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ROBIN SHORT: A hoops storyline not short on twists and turns

St. John’s Edge photo/Jeff Parsons — Despite playing hurt during the playoffs, Dez Lee tried his best to get the St. John’s Edge over the hump in Game 4 of the NBL Canada final, scoring 43 points against the Moncton Magic.
St. John’s Edge photo/Jeff Parsons — Despite playing hurt during the playoffs, Dez Lee tried his best to get the St. John’s Edge over the hump in Game 4 of the NBL Canada final, scoring 43 points against the Moncton Magic. - Contributed

St. John’s Edge 2018-19 NBL Canada season ran the full gamut

It was a strange year for the St. John’s Edge. Strange, indeed.

“As (Jarryn) Skeete’s been saying all along,” relayed coach Steve Marcus, “it’s all part of the story, man, all part of the story.’”

And with some cosmic alignment of the stars and planets, there was a thought for the moment it would all come together for a championship season, a first for pro sports in St. John’s.

So much for hoops and dreams.

“Everybody in that room,” said Marcus, “is hurt … crushed.

“The thing is that in our gut, we know we could have put forth a better effort tonight. That hurts.”

The Edge came out Thursday night and got punched in the mouth — Marcus’s words, not mine — and in the end, it was a knockout for the Moncton Magic, the National Basketball League of Canada’s best team through the regular season which dispatched the Edge in four straight for their first championship.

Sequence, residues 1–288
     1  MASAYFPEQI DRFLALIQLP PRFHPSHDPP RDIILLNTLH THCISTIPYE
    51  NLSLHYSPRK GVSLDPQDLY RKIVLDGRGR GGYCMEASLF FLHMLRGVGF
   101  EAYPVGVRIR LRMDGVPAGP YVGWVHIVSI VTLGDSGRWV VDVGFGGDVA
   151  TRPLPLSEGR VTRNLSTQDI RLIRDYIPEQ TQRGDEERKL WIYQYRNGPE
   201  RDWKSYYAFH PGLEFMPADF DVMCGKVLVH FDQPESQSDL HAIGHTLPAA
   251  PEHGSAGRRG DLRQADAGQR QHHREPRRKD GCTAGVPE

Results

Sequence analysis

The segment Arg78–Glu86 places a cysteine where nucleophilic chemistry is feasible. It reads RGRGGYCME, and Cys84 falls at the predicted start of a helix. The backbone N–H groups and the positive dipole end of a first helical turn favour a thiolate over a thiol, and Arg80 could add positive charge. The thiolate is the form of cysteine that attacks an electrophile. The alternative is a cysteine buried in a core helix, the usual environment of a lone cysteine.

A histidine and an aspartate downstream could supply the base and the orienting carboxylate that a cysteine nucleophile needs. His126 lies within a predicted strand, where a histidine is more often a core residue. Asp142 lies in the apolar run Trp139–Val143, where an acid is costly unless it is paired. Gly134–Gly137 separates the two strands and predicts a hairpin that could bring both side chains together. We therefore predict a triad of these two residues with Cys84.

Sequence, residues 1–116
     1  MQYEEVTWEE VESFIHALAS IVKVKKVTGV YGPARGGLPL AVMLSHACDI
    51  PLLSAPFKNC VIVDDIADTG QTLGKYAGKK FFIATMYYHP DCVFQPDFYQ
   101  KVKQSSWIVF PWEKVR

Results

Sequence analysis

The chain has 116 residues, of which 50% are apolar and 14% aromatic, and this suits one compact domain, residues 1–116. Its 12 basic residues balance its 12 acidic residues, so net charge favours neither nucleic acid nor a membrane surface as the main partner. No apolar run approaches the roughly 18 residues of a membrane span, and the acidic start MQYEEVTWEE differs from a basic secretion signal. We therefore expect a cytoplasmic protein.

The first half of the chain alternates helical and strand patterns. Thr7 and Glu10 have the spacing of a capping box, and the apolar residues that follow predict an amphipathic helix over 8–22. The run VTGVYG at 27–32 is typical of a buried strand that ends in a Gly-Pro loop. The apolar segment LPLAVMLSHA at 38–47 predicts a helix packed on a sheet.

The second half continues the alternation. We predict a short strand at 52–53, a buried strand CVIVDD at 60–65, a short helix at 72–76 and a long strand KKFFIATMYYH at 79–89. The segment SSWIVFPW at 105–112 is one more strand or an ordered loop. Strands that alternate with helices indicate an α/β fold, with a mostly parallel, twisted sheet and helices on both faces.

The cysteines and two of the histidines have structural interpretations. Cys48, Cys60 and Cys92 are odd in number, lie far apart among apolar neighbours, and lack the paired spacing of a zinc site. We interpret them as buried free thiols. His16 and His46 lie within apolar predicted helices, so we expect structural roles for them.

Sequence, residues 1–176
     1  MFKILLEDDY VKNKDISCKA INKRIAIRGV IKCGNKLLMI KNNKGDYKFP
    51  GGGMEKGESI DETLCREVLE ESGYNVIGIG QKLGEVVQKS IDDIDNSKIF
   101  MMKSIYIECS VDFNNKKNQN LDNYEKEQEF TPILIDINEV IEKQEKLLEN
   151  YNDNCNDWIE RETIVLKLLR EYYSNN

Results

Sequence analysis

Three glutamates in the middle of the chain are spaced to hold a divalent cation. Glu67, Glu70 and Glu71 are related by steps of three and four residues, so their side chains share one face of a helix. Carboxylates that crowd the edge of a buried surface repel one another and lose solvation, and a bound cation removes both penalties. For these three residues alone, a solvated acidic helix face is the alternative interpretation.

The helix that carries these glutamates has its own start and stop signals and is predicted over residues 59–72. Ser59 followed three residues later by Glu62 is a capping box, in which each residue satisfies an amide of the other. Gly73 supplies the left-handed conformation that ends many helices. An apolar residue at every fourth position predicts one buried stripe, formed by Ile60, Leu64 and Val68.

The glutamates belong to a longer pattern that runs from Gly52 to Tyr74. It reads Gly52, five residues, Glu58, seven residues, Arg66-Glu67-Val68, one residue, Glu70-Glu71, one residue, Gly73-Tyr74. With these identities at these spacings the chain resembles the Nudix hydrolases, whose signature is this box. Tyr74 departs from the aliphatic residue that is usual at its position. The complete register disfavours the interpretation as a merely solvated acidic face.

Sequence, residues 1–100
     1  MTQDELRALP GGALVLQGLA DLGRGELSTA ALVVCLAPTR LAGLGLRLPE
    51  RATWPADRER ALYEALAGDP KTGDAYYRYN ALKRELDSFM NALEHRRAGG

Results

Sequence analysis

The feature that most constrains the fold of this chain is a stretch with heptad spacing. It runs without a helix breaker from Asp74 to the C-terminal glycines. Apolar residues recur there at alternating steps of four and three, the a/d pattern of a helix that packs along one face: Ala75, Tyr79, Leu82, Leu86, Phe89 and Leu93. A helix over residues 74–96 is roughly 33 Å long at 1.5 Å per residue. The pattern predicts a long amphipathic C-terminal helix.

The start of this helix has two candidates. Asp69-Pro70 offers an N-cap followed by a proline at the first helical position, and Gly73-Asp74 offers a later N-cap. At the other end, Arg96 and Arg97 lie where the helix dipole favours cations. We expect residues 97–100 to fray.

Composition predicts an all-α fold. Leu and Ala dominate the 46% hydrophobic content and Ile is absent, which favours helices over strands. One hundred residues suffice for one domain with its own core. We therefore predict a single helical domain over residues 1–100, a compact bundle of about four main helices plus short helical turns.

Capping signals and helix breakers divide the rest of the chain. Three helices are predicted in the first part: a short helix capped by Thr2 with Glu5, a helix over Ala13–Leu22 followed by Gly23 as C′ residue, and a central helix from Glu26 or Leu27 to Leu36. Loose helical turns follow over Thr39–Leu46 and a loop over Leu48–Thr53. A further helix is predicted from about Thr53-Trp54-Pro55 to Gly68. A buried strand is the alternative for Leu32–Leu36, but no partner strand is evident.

Moncton won 130-120, and if the truth be told, it wasn’t as close the score indicates. The Magic led by 20 at the half, and while the Edge tried to make a game of it in the third and fourth quarters, it was too much to overcome for a banged up team that lacked depth and, on this night, forgot how to grab rebounds.

The roller coaster season started in November with four losses through five games, with an injured Carl English and uneasy Edge fans grousing why St. John’s didn’t re-sign Charles Hinkle, the league’s fourth-leading scorer in 2017-18.

Then the Edge went on a tear, winning 11 of 12, but came back to earth with a string of losses followed by wins, followed by more losses.

In between, players were coming and going at a rate where fans needed a tote board to keep track, 25 in total to don an Edge jersey this season (hands up those who remember Keith Wright Jr.).

One of those transactions, however, saw the Edge quite literally land the biggest star the city’s ever seen, former NBA champ Glen “Big Baby” Davis. The big guy came in and was a fan favourite from the get-go.

It took him a while to shed some weight and get going, but when he did, the man who once averaged almost 12 points in a single NBA season barrelled through the circuit like a runaway freight train, carrying the Edge most nights on those wide shoulders.

St. John’s Edge photo/Jeff Parsons — He was thrust into the St. John’s Edge head coaching role with two games left in the regular season, yet Steve Marcus helped guide the team to the NBL Canada championship final.